Let’s see some examples:

Foyles War
Fisherman in “White Feather”
Foyle's War
Hilda Pierce, MI5. Yellowed teeth.
Not bad teeth — but not perfect, either
Foyle's War
A doctor’s teeth
"The Funk Hole"
Overlapping teeth
Police Commissioner’s mouth
Series 5, epsiode 2
The brass in “Casualties of War”
Serie 4, episode 2. Guard in “Bad Blood”
The Hide; season 7. episode 3
A nanny missing a tooth
An industrialist’s functional but not dazzling teeth

Some do have good teeth:


I don’t know if in the between-the-wars period imperfect teeth could be fixed to look like what is considered normal today, but the family of Downton Abbey would have had the resources for cosmetic dentistry if needed and available. So it isn’t too surprising that Lady Mary, Mrs. Crawley, and the rest of the Granthams have 21st century American teeth.

But it would be very surprising if the servants of the house also have perfect smiles. And they do. This is a huge oversight for a series that claims to be true to its historical period.

Even scullery maid Daisy has a dazzling smile.
Downton Abbey
Housekeeper Mrs. Hughes’ perfect smile
Downton Abbey
Tenant farmer’s and cook’s healthy mouths. 
Lady's maid Anna's perfect smile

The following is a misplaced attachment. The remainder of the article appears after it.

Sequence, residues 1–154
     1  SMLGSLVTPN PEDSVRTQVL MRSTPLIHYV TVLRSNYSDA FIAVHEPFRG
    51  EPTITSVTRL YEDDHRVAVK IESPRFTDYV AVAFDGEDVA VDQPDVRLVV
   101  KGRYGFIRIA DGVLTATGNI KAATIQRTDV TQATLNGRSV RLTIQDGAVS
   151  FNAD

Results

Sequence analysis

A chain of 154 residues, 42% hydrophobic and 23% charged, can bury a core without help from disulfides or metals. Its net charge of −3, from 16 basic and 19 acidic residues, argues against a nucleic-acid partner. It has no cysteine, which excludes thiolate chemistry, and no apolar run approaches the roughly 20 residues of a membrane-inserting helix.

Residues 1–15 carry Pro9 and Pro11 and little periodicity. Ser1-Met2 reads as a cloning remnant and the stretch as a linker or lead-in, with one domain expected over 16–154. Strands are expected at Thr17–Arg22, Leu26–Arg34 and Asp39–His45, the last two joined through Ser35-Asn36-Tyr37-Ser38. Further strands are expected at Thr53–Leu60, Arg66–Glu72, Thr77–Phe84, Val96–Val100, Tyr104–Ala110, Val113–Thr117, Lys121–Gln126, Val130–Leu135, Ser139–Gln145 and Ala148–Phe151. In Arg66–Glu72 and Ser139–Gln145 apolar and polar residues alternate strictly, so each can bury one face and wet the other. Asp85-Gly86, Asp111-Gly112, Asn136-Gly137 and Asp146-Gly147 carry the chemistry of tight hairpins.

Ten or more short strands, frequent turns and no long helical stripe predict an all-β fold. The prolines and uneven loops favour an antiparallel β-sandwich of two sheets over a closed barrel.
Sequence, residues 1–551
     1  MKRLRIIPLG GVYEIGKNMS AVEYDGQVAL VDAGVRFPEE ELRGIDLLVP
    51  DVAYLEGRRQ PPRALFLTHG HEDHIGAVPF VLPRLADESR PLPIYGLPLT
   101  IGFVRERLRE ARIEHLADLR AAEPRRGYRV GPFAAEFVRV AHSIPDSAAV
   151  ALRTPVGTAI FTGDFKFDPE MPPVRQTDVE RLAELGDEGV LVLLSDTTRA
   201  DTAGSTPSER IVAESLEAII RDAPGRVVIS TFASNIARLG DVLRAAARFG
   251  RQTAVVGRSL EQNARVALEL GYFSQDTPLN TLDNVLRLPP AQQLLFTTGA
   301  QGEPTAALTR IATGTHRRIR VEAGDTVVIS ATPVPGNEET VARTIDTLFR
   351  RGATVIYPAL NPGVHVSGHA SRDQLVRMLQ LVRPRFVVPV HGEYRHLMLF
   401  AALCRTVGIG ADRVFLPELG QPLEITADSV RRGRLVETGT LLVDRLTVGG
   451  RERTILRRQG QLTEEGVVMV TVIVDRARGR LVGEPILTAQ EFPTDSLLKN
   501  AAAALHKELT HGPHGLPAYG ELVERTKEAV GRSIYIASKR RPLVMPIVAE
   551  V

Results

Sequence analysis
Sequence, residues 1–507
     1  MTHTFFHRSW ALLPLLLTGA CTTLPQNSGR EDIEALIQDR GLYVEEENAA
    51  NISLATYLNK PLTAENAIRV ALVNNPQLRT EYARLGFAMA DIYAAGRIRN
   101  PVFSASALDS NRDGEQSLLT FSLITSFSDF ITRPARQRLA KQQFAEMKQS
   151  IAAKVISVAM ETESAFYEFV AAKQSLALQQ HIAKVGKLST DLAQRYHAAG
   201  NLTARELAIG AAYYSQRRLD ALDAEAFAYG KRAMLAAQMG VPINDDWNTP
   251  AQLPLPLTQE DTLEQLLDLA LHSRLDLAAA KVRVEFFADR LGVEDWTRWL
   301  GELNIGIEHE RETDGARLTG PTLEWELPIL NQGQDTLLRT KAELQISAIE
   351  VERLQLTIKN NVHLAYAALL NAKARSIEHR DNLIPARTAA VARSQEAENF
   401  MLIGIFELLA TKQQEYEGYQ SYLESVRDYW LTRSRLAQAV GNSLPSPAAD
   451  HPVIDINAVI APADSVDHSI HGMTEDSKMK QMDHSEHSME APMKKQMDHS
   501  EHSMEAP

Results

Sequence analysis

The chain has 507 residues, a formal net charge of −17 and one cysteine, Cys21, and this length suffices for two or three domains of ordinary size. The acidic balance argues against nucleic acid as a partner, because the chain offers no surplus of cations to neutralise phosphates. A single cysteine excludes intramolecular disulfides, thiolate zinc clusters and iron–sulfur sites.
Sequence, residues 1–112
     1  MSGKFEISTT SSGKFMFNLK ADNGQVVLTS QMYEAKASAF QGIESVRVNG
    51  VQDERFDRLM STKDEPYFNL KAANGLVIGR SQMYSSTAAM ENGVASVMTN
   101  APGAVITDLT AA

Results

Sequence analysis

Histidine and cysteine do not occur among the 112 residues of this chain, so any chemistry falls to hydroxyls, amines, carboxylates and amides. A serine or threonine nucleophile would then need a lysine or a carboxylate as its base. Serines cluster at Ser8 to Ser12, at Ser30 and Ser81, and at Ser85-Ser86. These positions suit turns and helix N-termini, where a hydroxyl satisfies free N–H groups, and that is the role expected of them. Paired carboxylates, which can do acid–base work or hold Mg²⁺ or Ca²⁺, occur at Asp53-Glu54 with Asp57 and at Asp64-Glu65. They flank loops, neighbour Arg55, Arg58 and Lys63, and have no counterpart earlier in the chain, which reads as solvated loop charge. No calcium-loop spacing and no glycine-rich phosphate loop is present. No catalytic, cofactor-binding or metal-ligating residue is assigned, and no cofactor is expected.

Maid Anna’s teeth are every bit as good as Lady Mary’s.

Let’s face it: imperfect teeth are taboo. There can be no glamour when there’s a crooked tooth.

But there can be no pretense of historical accuracy when the scullery maid has a smile that rivals an aristocrat’s.


Have Hoodie, Will Die

“His hoodie killed Trayvon Martin as surely as George Zimmerman.”

“You have to recognize that this whole stylizing yourself as a gangster, you’re gonna be a gangsta wannabe? Well, people are gonna perceive you as a menace.”

“I am urging the parents of black and Latino youngsters particularly not to let their children go out wearing hoodies.”

Geraldo Rivera, Fox News 

Who would have thought it? Racism in America can end, liberty and justice for all can prevail, if only parents would take a pair of scissors and cut the hoods off their kids’ sweatshirts.

While you’re at it, make sure you get rid of those drawstrings. I expect Geraldo will be telling us any day now that they are a leading cause of suicide among American youth.

Continue reading “Have Hoodie, Will Die”

Two Families, Two Pets, Two Trips

Here’s one of many summaries of a despicable deed, an illustration of callousness and poor judgment, heartlessness and cruelty, by the GOP presidential frontrunner with a net worth of $220 million, Willard “Mitt” Romney. See Dogs Against Romney if you need more details. Watch this interview and you will see Romney still doesn’t get it, thinks what he did was no biggie, but he wouldn’t have done it if he had known he was breaking Massachusetts’ animal cruelty laws, and besides, it was a long time ago.

…you may not be familiar with the 1983 story where Romney crammed his five children, wife and luggage into the family station wagon for a 12-hour drive to the family cottage at Beach O’Pines from Boston to Ontario. The family dog, an Irish Setter named Seamus was placed in a dog carrier and fastened to the station wagon’s roof rack….

Now brace yourself for the ugly part of the story when one of Romney’s sons yells out the word ‘gross’ as he sees a brown watery discharge running down the back window. Poor Seamus’ bowels let loose from the extreme distress of being on top of the car roof.